NHL Winter Classic said to have $1M impact on Windsor
Hotels, bars report more business from fans as far away as California
Windsor business owners say they're reaping the benefits of the NHL's Winter Classic.
Tourism Windsor Essex Pelee Island says hotel occupancy is at 99 per cent on New Years Eve and at 45 per cent for New Years Day. In 2012, the rates were 75 per cent and 30 per cent, respectively.
The downtown Holiday Inn is essentially sold out. A spokesperson says New Year's Eve and the Winter Classic are the reasons.
"We’re seeing an influx of people from all over," said Brian Yeomans, director of sales at the Holiday Inn. "It’s definitely a worthwhile idea to shuttle over and take advantage of great Canadian rates. It means a few extra days of occupancy."
Lynnette Bain, vice president of tourism programs and development for the tourism board, said Winter Classic fans are spending money in Windsor.
"Based on an average of two people per room, spending $200 each per day, including accommodations and transportation, we are looking at an incremental growth in spending of over $300,000," Bain said in an email to CBC Windsor. "This is just incremental. If we consider the entire occupancies in the hotels conservatively, we are looking at over $1 million in spending by visitors for the Winter Classic."
The New Year's Day game features the Detroit Red Wings and Toronto Maple Leafs at Michigan Stadium at the University of Michigan in Ann Arbor, Mich., approximately 45 minutes from Windsor.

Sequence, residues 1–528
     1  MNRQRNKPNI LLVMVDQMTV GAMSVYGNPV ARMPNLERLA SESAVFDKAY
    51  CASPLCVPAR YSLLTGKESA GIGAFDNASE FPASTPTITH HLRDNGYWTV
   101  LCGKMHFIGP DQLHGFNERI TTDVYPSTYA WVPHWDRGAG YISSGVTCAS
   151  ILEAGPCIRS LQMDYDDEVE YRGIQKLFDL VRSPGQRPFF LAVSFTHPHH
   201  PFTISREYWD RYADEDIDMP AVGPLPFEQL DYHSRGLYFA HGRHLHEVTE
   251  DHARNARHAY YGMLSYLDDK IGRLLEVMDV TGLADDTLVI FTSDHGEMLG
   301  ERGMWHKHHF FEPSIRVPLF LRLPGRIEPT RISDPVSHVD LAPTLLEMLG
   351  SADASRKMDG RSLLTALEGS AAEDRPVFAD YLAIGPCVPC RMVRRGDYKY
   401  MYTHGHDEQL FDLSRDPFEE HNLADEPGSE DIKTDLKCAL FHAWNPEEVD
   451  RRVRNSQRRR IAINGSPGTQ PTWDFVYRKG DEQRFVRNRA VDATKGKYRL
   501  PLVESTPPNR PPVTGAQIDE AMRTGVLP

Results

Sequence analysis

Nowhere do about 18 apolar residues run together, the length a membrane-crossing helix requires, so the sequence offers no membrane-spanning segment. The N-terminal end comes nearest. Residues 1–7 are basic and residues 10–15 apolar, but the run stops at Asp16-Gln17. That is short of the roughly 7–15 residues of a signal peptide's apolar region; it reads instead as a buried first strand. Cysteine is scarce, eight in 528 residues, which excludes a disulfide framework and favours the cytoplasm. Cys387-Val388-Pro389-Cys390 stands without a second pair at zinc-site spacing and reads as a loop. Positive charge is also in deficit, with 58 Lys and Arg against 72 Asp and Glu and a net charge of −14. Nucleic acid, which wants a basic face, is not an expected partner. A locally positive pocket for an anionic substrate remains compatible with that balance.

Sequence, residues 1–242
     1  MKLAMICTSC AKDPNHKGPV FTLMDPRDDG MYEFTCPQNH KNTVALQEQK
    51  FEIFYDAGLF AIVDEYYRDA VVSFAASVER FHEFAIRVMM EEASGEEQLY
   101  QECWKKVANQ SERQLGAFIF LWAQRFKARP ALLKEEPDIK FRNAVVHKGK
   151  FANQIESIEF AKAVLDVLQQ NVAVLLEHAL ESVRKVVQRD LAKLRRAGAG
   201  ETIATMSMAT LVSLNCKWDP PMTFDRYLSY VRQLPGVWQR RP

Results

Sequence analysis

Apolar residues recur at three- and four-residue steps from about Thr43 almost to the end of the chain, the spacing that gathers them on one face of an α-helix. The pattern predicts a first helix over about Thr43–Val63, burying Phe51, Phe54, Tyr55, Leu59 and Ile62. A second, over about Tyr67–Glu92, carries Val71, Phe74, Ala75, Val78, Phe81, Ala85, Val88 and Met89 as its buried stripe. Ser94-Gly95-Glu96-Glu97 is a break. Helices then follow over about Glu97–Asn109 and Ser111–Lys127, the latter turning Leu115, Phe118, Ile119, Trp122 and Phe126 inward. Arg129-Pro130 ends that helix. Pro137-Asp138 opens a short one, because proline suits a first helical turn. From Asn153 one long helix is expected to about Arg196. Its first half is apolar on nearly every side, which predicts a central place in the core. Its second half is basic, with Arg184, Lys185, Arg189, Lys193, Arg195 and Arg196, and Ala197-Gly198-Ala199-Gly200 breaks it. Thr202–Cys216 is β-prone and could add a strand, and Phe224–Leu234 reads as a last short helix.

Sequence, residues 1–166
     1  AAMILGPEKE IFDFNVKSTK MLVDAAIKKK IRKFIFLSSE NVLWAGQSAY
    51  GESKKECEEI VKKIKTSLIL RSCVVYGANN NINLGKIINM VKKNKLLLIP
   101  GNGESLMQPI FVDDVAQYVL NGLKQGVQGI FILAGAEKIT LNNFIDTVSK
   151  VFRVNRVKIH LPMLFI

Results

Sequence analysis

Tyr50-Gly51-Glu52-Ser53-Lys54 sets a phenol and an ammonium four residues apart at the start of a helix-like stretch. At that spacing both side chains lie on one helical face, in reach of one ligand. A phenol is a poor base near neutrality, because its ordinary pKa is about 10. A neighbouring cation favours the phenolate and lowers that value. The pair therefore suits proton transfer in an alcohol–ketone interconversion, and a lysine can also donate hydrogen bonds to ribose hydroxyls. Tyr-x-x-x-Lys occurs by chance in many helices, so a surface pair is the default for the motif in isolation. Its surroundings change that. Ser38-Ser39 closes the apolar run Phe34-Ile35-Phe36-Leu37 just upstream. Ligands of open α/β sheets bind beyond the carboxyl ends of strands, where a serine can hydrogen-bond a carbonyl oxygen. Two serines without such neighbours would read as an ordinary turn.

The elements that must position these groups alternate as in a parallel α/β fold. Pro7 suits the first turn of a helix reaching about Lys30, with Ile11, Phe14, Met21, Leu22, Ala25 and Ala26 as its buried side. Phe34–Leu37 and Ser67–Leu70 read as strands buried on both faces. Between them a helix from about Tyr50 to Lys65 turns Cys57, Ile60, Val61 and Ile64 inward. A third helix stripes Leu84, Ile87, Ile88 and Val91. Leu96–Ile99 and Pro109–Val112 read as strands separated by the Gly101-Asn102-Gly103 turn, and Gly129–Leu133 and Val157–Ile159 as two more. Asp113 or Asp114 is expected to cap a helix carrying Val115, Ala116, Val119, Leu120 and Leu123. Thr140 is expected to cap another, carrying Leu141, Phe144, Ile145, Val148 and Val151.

A record crowd of more than 107,000 fans are expected to attend.
Greg Eanser grew up in Windsor but has called California home for 23 years. He's in Windsor for the alumni games in Detroit and the Winter Classic.
"We love hockey. It’s in our Canadian blood," he said of his friends and family who will join him in. "We love Windsor. There’s lots of things to do here."
Jamie Greer, general manager of the Manchester Pub, on Ouellette Avenue downtown, told CBC News he's seen an influx of fans from Toronto and Hamilton.
"There’s definitely been a surge and not just the usual holiday crowd. We started seeing a surge two days before the event," Greer said. "Windsor’s going to be a hot spot the next few days. If gives the entire area a chance to showcase itself."
Ken Tress, who grew up in Toronto but lives in New Jersey, will split his stay between Windsor and Michigan.
"It's something different and unique. It’s really a lifetime opportunity," he said of the game after breakfast in Windsor on Tuesday. "I’m sad to say, we’re going to spend a lot of money in Michigan over the next couple of days."